Successful IOT Grant to help Christmas Island and Cocos (Keeling) Island Marine Parks

Tangaroa Blue Foundation is one of 17 grantees chosen to deliver projects that will support the recently proclaimed Christmas Island and Cocos (Keeling) Islands marine parks.

The new marine parks protect 744,070 square kilometres of incredibly unique and ecologically significant marine habitats and species.

Tangaroa Blue Foundations “Indian Ocean Territories Marine Debris Initiative” will build on existing marine debris datasets and include the implementation of our robust monitoring methodologies so that we can work alongside the community and key stakeholders to measure the impact of policy change around plastics from a state, national and international perspective.

Tangaroa Blue Foundation’s WA Project Coordinator, Casey Woodward says “this is such a great opportunity to diversify the way in which we support and share knowledge with the Indian Ocean Territory community and other stakeholders to tackle key threats like marine debris to marine life and amenities. We have really focused the components of the project on capacity building and data analysis and we cannot wait to get started!”.

Some of the other complimentary projects that will be undertaken include:

  • Supporting the Christmas Island community to protect the iconic red crabs during their annual breeding migration
  • Restoring seagrass habitats to provide an ecosystem nursery for fish and other species
  • Surveying resident foraging sea turtles, their habitats, diets and movement, with a focus on green turtles
  • Researching and monitoring coral reef health and diversity, including comparing them with the diversity of reef species from other locations.

Tangaroa Blue are grateful to those that provided letters of support and volunteered their time to add value to our application. We are looking forward to the rollout of a successful programme doing our part to preserve and protect marine life in Western Australia.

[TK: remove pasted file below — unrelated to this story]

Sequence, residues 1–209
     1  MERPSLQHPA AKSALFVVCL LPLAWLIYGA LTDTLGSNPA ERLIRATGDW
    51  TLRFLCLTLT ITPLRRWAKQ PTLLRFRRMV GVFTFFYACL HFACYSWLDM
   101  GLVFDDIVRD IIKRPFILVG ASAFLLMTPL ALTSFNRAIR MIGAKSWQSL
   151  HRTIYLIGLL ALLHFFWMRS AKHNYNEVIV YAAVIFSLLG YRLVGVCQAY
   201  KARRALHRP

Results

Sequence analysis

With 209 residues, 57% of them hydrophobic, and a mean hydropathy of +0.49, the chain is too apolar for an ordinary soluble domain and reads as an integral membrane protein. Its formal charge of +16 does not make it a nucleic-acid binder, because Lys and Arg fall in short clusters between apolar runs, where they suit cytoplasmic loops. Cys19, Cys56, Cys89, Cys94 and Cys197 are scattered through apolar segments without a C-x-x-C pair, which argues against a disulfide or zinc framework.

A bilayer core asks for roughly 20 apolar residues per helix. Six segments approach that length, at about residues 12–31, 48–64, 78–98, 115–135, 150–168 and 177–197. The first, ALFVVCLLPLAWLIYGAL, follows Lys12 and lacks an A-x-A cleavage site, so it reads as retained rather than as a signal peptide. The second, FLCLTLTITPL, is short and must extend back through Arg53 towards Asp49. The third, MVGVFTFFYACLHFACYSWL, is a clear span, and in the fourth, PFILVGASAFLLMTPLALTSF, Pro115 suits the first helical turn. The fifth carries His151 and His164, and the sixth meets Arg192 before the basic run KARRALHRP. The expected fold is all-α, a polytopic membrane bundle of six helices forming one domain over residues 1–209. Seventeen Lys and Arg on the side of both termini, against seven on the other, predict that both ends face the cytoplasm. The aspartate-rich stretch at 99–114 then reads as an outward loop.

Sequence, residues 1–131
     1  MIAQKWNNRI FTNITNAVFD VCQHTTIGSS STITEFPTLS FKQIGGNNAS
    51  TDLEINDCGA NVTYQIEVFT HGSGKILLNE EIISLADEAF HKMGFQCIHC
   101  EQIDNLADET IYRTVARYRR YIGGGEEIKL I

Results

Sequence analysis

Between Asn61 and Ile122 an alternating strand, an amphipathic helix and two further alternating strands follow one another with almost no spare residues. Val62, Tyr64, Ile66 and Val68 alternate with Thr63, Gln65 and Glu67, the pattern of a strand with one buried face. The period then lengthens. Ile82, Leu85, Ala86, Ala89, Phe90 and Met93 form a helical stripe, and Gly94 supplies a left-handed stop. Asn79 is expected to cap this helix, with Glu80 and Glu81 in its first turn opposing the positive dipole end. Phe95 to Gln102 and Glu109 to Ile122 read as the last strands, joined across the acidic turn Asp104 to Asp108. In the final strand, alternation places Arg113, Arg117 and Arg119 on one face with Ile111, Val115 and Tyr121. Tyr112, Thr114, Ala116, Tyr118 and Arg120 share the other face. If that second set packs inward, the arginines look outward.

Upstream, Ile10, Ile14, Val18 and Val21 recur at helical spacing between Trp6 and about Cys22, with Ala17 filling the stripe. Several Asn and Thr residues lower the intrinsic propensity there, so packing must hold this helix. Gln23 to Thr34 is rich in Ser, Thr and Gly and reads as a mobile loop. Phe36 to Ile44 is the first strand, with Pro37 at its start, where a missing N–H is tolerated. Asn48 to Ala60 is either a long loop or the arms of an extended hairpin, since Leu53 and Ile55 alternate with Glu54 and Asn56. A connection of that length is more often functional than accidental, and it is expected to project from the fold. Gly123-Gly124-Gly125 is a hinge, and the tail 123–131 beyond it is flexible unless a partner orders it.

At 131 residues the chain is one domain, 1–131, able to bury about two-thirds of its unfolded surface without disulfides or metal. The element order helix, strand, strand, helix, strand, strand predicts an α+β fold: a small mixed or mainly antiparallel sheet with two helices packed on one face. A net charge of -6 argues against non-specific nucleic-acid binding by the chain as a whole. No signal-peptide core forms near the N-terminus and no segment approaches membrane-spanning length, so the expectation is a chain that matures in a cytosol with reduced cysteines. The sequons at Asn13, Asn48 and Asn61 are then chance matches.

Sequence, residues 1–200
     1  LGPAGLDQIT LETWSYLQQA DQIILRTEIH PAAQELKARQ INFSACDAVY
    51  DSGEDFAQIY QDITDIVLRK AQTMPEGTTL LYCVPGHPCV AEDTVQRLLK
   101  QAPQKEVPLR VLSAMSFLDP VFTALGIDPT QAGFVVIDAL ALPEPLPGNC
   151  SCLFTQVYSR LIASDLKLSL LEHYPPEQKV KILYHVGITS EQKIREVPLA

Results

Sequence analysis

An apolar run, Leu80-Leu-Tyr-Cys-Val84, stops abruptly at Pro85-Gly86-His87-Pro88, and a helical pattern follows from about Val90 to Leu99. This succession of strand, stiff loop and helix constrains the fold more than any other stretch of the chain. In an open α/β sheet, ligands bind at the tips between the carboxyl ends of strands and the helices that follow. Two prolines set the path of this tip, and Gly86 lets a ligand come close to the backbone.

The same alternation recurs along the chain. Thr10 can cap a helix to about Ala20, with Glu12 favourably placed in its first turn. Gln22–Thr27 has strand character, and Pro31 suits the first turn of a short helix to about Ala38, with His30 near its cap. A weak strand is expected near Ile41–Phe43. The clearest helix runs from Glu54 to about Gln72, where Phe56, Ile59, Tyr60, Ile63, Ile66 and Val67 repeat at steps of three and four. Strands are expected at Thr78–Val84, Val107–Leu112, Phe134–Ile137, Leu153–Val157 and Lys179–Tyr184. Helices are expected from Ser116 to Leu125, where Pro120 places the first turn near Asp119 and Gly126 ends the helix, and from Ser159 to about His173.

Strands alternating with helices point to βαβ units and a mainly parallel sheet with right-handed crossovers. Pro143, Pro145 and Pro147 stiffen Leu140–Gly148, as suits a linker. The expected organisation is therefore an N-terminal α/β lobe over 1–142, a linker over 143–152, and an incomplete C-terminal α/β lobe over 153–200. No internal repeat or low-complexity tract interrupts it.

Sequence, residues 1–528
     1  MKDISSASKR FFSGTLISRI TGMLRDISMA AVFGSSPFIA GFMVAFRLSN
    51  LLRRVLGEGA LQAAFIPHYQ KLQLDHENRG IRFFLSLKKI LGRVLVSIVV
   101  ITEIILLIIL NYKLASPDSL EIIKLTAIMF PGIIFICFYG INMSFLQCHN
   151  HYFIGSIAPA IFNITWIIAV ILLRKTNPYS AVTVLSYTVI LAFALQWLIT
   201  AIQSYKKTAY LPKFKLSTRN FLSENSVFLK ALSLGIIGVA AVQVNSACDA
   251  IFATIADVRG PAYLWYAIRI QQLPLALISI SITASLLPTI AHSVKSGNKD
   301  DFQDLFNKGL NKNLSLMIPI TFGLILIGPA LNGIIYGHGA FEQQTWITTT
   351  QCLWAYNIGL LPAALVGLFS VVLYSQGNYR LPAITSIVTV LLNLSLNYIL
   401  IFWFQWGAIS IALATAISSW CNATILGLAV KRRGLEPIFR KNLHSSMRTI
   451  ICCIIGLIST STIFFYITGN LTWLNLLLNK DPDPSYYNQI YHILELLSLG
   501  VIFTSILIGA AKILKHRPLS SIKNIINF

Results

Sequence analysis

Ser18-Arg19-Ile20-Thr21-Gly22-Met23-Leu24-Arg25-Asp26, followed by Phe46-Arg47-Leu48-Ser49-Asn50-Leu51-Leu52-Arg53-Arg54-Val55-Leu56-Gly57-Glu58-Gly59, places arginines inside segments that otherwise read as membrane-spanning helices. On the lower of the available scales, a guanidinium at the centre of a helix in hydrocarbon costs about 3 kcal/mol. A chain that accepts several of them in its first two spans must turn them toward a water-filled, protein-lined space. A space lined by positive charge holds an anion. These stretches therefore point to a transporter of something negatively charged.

This project was made possible via the Australian Governments Ocean Leadership Package supporting the Indian Ocean Territories (IOT) Marine Parks Grant.

Rig Recycle Seeks to Reel In Victoria Fishing Litter

  • Victorian fishers can now recycle their unwanted and broken fishing tackle.
  • Tangaroa Blue’s Rig Recycle Program collects fishing line, reels, sinkers, spools and spool packaging so it can be repaired, reused and recycled.
  • The program is supported by Sustainability Victoria’s Circular Economy Fund and will see 60 recycling bins deployed at key locations across the state.
  • The Australian Marine Debris Initiative Database shows fishing litter is one of the top 10 items recovered during community clean-ups.   

Read more “Rig Recycle Seeks to Reel In Victoria Fishing Litter”

Ditch the Flick comes to the City of Wyndham

Tangaroa Blue Foundation is joining forces with the City of Wyndham to launch this campaign which aims to encourage behavioural change in cigarette butt disposal amongst the local smoking population.
Litter data collected from 23 stormwater drains across the City of Wyndham during the Let’s Strain the Drain Project was recorded in the Australian Marine Debris Initiative (AMDI) Database. The data identified cigarette butts as a main litter source and provided evidence for a source reduction plan.
Given the success of ‘Ditch the Flick’ campaigns in other locations, the City of Wyndham decided to implement this source reduction plan to address their cigarette butt litter.

The Dangers of Playground Rubber Surfaces

The momentum is building with another council agreeing with our rubber crumb assessment report that recycling tyres into soft fall rubber crumb is not fit-for-purpose for children’s play areas.

ABC News has written a great article talking about these dangers.
You can read the full article here

This comes on the back of the release of the Tangaroa Blue Rubber Impact Report 2021 and the ReefClean AUSMAP Rubber Crumb Loss Report 2021 which highlighted the extent of rubber crumb loss at parks along the Great Barrier Reef.

Ocean Plastic Products – Credible or greenwashing? Watch the Q&A Panel Discussion

Over the last few years, a variety of products claiming to be made of “ocean plastic” or “ocean bound plastic” or “potential ocean bound plastic” have started to appear on supermarket shelves and online stores.

The messaging appears to claim that we’ve solved the plastic marine pollution issue, including what to do with plastics recovered from our oceans. But misleading labelling on some products and marketing campaigns is causing consumer confusion.

This Q&A panel discussion unpacks the myths, truths and possibilities for recycling plastics recovered from our oceans with experts from the Environmental Defenders Office, the plastics industry and the NGO sector.

Our panel:

Heidi Tait – CEO, Tangaroa Blue Foundation
Kirsty Ruddock – Managing Lawyer, Safe Climate – Environmental Defenders Office
Brett Tait – Project Manager, Operation Clean Sweep
Royston Kent – CEO – BC Plastics
Warwick Hall – Vice President – Australasian Bioplastics Association Inc

You can watch the entire discussion below and hear from industry experts on the topic.


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